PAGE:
Anonymous Takes First Step in Master Plan
The global activist hacking group Anonymous claims to have obtained thousands of credit card numbers and personal information from the high-profile clients of a leading analytical intelligence company, all in the name of charity.
Up to $1 million was reportedly stolen from Stratfor, in Austin, Texas, a leading provider of military, economic and political analysis for clients that include Apple and the U.S. Air Force.
"#AntiSec plundered 200gb of their mails and more booty," read a tweet by @AnonymousIRC on Saturday.
Anonymous, an online community with no hierarchical organization, had been working with the hacking group Lulzsec on a series of hacking attacks it called Operation Anti-Security, or Operation AntiSec. The operation began in June 2011, with an attack on the Serious Organized Crime Agency, the U.K.'s national law enforcement agency. Since then, attacks have targeted the governments of Brazil, Tunisia and Zimbabwe, NATO, various U.S. law enforcement websites and Fox News.
Anonymous promised that the attack on Stratfor was just the beginning of an assault on a long list of targets.
"#Antisec has enough targets lined up to extend the fun fun fun of #LulzXmas throught the entire next week," @AnonymousIRC tweeted.
In a statement released today, Anonymous said, "Tomorrow, we will be dropping another enormous dump on our next target: the entire customer database from an online military and law enforcement supply store."
The group said Stratfor was "clueless ... when it comes to database security," noting that many passwords were merely the company's name.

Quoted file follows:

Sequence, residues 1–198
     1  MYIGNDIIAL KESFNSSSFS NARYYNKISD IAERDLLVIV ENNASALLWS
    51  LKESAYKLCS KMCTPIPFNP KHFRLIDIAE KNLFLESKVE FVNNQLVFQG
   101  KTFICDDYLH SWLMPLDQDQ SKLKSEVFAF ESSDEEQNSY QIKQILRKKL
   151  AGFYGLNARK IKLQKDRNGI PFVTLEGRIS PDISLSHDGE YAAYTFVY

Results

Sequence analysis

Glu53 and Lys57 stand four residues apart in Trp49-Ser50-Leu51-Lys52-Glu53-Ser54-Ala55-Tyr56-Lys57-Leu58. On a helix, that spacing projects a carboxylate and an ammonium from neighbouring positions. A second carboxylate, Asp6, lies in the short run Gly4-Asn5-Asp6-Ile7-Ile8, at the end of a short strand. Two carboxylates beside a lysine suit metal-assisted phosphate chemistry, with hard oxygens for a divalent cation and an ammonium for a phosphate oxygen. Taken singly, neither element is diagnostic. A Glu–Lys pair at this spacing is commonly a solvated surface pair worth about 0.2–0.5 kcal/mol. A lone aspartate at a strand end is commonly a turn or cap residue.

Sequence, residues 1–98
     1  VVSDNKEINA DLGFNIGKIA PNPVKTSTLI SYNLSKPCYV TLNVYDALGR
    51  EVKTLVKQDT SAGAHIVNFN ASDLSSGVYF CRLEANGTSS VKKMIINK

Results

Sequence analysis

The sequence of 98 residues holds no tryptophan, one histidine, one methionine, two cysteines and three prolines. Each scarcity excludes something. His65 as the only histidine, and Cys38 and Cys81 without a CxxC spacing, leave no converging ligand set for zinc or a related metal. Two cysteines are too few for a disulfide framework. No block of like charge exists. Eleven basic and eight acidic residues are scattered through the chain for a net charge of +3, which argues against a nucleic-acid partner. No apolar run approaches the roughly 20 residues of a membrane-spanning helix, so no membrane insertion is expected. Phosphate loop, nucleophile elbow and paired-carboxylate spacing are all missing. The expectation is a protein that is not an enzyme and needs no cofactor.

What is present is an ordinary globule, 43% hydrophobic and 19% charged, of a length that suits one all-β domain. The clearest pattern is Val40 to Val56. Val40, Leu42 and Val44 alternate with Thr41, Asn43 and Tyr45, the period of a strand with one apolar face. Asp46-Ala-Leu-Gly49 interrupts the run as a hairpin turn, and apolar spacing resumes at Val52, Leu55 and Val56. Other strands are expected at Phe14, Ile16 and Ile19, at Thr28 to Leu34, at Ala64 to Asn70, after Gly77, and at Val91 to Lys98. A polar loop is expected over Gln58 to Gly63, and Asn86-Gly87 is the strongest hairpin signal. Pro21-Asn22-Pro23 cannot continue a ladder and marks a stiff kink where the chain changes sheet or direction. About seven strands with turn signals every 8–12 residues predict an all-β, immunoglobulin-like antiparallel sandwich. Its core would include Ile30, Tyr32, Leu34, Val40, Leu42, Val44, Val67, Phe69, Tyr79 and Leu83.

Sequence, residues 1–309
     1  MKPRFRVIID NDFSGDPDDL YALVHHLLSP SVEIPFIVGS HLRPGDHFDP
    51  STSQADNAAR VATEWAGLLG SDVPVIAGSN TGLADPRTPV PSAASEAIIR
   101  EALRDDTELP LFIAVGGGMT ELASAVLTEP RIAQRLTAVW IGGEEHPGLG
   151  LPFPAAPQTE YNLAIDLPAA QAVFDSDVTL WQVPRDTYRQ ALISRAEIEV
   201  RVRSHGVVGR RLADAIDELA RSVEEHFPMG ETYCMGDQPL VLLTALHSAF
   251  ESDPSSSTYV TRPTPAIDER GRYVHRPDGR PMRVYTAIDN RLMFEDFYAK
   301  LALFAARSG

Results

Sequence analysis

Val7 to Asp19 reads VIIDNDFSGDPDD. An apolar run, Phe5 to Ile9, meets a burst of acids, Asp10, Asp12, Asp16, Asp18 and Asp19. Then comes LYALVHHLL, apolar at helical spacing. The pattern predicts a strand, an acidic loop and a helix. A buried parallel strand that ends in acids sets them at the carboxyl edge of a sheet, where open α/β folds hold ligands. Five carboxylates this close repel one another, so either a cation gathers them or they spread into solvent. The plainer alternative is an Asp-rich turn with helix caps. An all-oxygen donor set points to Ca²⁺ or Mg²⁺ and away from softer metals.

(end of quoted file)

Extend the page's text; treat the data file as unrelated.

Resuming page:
Stratfor's website is currently shut down, with the message, "Site is currently undergoing maintenance."
The company is participating in an ongoing investigation with law enforcement, including the FBI, Kyle Rhodes, the public relations manager, told ABC News.
Stratfor warned its clients against publically supporting the company: "It's come to our attention that our members who are speaking out in support of us on Facebook may be targeted for doing so and are at risk of having sensitive information repeatedly published on other websites."
Victim Says "You're Not Helping Anybody, You're Hurting Everybody"
Allen Barr fell victim to the attack. Now retired, Barr lives on a fixed income and said $700 was stolen from his debit card.
"They're trying to hurt banks and big corporations, they're really hurting just people," said Barr.
Anonymous claims it isn't hurting people but rather donating the stolen money to various charities, like a modern day Robin Hood. Receipts the group posted show donations to the Red Cross and Save the Children Foundation.
"Just because you think you're taking something from the rich and giving to the poor, no you're not. You're not helping anybody, you're hurting everybody," said Barr.
"They have, in the past, hacked into systems, taken money, donated to charities and nonprofits -- that has occurred, but other people are just stealing out of greed," said ABC News consultant and former FBI agent Brad Garrett.
Anonymous has made headlines the world over for a string of high-profile hacks the group claims to have carried out -- from allegedly hitting the websites for Paypal, Visa and Mastercard to name a few.
"They can clean out your banking account or use your credit card number and charge a number of items before its ever figured out," said Garrett.